• Assess gap in water status;
• Identifying key pressures causing this gap
• Identify potential measures and assess their costs;
• Cost-effectiveness analysis;
• Economic input into the justification of derogation;
• Assess cost-recovery levels;
• Economic/financial impact of proposed programme of measures
Step 3:
Identifying Measures and Economic Impact
• Identify potential measures and assess their technical feasibility;
• Assess the effectiveness of individual measures/combined measures;
• Assess the remaining environmental impact.

 

5.   Terms of Reference for the 2004 Economic Characterisation (STEP 1)

As referred to in Article 5, of the WFD, December 2004 is the first milestone i.e Step 1 in the implementation process of the economic analysis. The analysis for 2004 will also identify activities for enhancing the economic-related information and knowledge base. This will ensure the economic characterisation can be improved and the follow up cost-effectiveness analysis can be adequately and timely performed by the publication of the draft water catchment management plan in 2008.

5.1   Objectives

The objectives of the first step of the Economic Characterisation is:

To prepare an economic analysis of water use in order to analyse:

  1. Current water uses and their economic importance;
  2. Future trends in key economic drivers up to 2015;
  3. Current cost-recovery levels of water services.

This step requires a high level of coordination with other disciplines and stakeholders to build a common knowledge and representation of the water catchment district.

5.2   Implementation details and proces

The methodological process that needs to be followed by the consultant and the tasks required are shown in the table below:

Stage/Process Tasks Information base
1. Undertake the economic analysis of water uses.

Objective:
Assess how important water is for the economy and for the socio-economic development of the water catchment district.

Identify human pressures on water bodies;

1. Localise water uses in the river basin district;

2. Identify water uses and services by socio-economic sector (agriculture, industry, households and recreation);

3. Assess the relative socio-economic importance of water uses;

4. Identify areas designated for the protection of economically significant aquatic species.

1. Water abstractions and discharges by socio-economic categories and localisation;

2. Economic importance of main water uses: turnover, employment, income, number of beneficiaries;

3. Information (for example, quantity, prices or turnover depending on availability) for characterising economically significant aquatic species.

2. Investigate the dynamics of the water catchment. Projecting trends in key indicators up to 2015

Objective:
Provide economic input into the development of the baseline scenario and the water-body risk assessment.

1. Assess trends of key hydrological and socio-economic factors/drivers that are likely to affect pressures (demography, climate, sector policies, e.g. common agricultural policy, technological development);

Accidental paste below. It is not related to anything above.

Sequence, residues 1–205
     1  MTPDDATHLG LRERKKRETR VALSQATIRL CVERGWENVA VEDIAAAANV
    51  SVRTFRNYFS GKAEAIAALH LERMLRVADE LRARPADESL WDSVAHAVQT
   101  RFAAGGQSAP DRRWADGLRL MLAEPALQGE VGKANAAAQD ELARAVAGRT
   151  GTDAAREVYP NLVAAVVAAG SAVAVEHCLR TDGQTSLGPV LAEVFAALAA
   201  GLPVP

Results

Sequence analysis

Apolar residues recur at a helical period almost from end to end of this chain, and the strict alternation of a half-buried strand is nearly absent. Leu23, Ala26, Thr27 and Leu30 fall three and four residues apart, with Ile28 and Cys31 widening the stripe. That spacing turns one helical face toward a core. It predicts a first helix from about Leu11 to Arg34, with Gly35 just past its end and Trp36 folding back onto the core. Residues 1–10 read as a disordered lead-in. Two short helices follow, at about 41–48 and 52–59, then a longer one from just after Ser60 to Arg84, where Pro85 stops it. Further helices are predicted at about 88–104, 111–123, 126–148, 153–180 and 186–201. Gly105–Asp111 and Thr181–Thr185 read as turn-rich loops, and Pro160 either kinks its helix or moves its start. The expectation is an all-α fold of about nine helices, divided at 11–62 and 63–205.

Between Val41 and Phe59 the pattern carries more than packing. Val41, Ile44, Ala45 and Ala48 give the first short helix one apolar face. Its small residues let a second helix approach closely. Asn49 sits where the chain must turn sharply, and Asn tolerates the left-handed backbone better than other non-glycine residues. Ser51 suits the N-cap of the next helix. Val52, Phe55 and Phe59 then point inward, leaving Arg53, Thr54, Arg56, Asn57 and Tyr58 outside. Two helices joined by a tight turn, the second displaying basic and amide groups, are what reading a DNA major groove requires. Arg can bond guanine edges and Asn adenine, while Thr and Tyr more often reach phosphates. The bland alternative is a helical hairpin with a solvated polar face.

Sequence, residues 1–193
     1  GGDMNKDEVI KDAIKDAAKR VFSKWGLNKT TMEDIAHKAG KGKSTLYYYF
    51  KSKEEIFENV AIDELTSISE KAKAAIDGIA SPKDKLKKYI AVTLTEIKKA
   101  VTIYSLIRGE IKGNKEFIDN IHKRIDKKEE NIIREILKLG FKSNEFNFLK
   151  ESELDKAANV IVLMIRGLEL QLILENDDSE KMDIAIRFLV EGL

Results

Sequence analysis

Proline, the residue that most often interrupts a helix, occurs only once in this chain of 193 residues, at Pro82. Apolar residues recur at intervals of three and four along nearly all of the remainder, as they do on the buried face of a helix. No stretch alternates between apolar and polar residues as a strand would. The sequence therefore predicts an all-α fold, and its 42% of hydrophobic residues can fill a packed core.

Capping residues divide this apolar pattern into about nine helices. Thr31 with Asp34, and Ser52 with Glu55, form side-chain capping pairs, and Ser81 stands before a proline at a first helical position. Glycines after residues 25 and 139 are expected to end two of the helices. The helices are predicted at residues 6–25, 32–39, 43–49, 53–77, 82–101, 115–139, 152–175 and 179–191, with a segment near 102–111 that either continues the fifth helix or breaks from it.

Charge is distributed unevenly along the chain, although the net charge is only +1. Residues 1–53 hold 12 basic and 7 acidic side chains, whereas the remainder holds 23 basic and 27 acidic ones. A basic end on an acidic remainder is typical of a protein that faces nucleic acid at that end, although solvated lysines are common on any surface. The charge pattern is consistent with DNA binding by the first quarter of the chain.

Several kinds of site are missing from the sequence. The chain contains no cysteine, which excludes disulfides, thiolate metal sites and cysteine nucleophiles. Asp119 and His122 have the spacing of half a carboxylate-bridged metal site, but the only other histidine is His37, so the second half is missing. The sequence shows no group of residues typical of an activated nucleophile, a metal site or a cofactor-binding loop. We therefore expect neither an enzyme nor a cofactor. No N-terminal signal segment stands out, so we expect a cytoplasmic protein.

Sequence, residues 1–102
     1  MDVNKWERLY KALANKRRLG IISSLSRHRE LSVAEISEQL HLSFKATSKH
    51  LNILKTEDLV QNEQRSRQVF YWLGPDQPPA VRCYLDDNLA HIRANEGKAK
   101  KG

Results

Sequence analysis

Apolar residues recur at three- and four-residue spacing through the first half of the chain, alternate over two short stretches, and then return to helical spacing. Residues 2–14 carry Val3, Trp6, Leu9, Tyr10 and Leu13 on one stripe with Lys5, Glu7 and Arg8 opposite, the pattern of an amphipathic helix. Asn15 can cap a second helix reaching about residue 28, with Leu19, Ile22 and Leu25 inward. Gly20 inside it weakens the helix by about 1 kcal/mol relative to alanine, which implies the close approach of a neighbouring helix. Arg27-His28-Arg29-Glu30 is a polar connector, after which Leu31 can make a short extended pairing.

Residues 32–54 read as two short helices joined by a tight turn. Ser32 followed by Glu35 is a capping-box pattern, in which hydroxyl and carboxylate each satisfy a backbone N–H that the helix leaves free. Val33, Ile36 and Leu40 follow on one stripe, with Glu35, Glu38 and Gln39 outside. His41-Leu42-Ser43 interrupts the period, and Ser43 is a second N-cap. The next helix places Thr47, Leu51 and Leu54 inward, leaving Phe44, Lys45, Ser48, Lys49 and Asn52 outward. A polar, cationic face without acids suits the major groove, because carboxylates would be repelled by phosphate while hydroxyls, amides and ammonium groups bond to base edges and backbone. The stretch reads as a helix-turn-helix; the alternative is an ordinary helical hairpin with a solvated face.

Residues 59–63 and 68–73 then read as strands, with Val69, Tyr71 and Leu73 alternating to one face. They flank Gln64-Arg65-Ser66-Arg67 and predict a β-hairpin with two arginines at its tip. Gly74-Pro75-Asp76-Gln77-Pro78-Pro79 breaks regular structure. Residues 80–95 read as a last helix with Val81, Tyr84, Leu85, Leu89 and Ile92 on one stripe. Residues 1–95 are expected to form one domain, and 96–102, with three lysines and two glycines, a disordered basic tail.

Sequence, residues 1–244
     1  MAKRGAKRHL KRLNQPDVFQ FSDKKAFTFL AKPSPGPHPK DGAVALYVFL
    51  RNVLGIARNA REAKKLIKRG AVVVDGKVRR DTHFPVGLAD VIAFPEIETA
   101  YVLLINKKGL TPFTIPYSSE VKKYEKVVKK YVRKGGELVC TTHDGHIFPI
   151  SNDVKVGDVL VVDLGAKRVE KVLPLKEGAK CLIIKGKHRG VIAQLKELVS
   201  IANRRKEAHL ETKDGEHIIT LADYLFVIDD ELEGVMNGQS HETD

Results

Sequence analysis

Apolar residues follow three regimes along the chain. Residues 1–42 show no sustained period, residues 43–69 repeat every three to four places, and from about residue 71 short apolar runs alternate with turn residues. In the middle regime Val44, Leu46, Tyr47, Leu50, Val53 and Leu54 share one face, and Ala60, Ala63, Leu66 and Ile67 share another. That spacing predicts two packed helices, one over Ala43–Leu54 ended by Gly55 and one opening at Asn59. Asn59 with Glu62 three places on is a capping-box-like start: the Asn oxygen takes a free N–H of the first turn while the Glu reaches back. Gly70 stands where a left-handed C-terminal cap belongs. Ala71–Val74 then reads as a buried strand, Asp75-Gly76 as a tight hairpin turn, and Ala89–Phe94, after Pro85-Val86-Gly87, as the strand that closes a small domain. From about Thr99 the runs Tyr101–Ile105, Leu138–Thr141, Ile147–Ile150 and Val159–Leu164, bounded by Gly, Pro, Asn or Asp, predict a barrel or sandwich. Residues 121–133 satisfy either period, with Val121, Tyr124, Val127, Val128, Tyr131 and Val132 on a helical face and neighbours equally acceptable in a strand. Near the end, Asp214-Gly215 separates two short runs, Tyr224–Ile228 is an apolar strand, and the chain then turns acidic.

2. Identify proposed measures and planned investments for implementing existing water legislation;

3. Forecast changes in pressures based on changes in economic and physical drivers and proposed water-related measures;

4. Construct a Business As Usual scenario for pressures;

5. Conduct a sensitivity analysis on the baseline scenario and identify optimistic and pessimistic scenarios.

(NB Ensure coherence with projections and trends used for other river basins for national and EU policies and climate change.

The business as usual scenario may first build on certain changes and thus need to be updated beyond 2004 in order to integrate changes in uncertain parameters)

1.Prospective analyses of likely development of key economic sectors/economic drivers influencing significant pressures;

2.General information on population growth, economic growth, sector growth patterns, future policies and forecasts of the impact of climate change;

3.Inventory of existing measures (and costs) for complying with existing water legislation;

4. Identification of technological developments in the water sector.

3. Asses current levels of recovery of costs in accordance to Article 9 of the Water Framework Directive

Objective:
Definition of cost-benefit by sector.

1. Estimates costs of water services, including financial, environmental and resource costs;

2. Estimate the price/tariff currently paid by the users;

3. Assess the extent of cost recovery by water service and sector;

4. Assess the contribution to cost recovery from key water uses;

5. If felt necessary, initiate review of incentive pricing properties of existing tariffs.

After December 2004, further refinement of cost-recovery and pricing assessment undertaken by December 2004, by developing studies on financial cost recovery and incentive pricing.

1. Estimation of financial costs (broken down in operating maintenance and capital costs);

2. Tax transfers, administrative costs and any other costs. (to be evaluated);

3. Environmental and resource costs as required. (to be evaluated);

4. Extent of financial and environmental cost-recovery;

5. If activities initiated for reviewing incentive pricing: current pricing structure and price elasticity, affordability criteria